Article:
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Transmission of Audio Data from Aircraft to Ground Station for Investigation and Analysis

IP.com Disclosure Number: IPCOM000236198D
Publication Date: 2014-Apr-11
Document File: 7 page(s) / 173K

Publishing Venue

The IP.com Prior Art Database

Related People

Bin Dong: INVENTOR

Abstract

Flight recorders are installed in an aircraft for recording voice and data information onboard the aircraft. This information can be used later for investigation and analysis purposes in case of accidents or other significant incidents. Two such flight recorders are: a Flight Data Recorder (FDR) and a Cockpit Voice Recorder (CVR). The FDR records all flight condition related information including performance, health, direction, altitude etc., and the CVR records audio in the aircraft using microphones installed in cockpit or pilot headsets. The recorded audio data is converted to text using speech recognition techniques. This text data, in sync with FDR data, is transmitted to ground tracking stations. This paper provides a method for accurately recognizing the speech and converting it into text in accordance with a proposed language model. Also presented is the use of wireless cellular technology for transfer of CVR audio data to a ground station database post aircraft landing or upon a pre-defined event and reception of upgraded language model configuration files at the aircraft before subsequent flight of the aircraft.

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Page 01 of 7

Transmission of Audio Data from Aircraft to Ground Station for Investigation and Analysis

Bin Dong

ABSTRACT

Flight recorders are installed in an aircraft for recording voice and data information onboard the aircraft. This information can be used later for investigation and analysis purposes in case of accidents or other significant incidents. Two such flight recorders are: a Flight Data Recorder (FDR) and a Cockpit Voice Recorder (CVR). The FDR records all flight condition related information including performance, health, direction, altitude etc., and the CVR records audio in the aircraft using microphones installed in cockpit or pilot headsets. The recorded audio data is converted to text using speech recognition techniques. This text data, in sync with FDR data, is transmitted to ground tracking stations. This paper provides a method for accurately recognizing the speech and converting it into text in accordance with a proposed language model. Also presented is the use of wireless cellular technology for transfer of CVR audio data to a ground station database post aircraft landing or upon a pre-defined event and reception of upgraded language model configuration files at the aircraft before subsequent flight of the aircraft.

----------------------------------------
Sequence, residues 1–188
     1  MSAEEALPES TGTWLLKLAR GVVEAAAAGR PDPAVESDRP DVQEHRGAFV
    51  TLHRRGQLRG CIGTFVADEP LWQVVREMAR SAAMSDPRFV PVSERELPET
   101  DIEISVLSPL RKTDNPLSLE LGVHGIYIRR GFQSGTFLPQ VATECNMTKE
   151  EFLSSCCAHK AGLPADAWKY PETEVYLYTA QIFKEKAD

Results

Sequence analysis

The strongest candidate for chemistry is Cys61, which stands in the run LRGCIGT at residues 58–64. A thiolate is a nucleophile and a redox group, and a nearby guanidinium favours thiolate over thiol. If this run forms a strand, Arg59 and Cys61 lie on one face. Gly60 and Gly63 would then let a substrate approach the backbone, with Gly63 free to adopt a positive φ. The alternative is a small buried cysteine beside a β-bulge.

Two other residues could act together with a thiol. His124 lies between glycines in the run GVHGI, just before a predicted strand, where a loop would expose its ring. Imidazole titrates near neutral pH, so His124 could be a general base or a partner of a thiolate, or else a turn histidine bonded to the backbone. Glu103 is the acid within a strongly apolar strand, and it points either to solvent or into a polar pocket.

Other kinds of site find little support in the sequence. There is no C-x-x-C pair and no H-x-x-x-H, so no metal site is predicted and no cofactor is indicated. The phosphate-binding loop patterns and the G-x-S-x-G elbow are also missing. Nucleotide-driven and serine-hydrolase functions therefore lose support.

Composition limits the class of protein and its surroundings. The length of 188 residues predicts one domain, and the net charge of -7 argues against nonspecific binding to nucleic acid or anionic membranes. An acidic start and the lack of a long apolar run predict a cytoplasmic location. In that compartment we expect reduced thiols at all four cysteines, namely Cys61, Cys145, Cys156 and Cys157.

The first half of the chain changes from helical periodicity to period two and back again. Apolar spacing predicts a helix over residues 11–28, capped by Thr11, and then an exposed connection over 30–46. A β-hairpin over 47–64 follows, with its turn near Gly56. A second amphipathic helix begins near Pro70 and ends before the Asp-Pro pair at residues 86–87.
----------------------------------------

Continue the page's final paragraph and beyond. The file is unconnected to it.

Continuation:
1. INTRODUCTION

In spite of sustained efforts in modern times to make air travel the safest ever, aviation accidents do occur. Often these accidents present a fresh set of challenges for all stakeholders to mitigate such disasters in future. Hence analysis and investigation for all aviation incidents, more so for accidents, is conducted thoroughly. As the trend goes, focus of attention in the analysis and investigation phase, post an aviation disaster shifts


Page 02 of 7

to the 'Black Box'. Commercial airplanes are required to be equipped with a Cockpit Voice Recorder (CVR) and a Flight Data Recorder (FDR). Each of these two instruments are commonly referred to as the 'Black Box'. It often holds the vital clues that can help air crash investigators find out what happened just before the crash or what caused the crash. The FDR records operating parameters such as the time, altitude, airspeed, and direction from the avionics systems on the aircraft. The CVR records what the crew says and monitors any sounds that occur within the cockpit. This recorded flight data and cockpit audio data ideally should be transmitted to ground tracking stations during flight, after landing of the aircraft, or upon a pre-defined event, which then could be used for tracking or investigation purposes. Though data compression techniques are applied, there are significant cost overheads (memory and/or bandwidth requirements) involved in storing and transmitting the audio signals. Hence audio signals captured by the CVR are converted to text using speech recognition techniques so that they can be stored onboard the aircraft or transmitted to the ground stations as text data. Since this textual representation of the cockpit audio sig...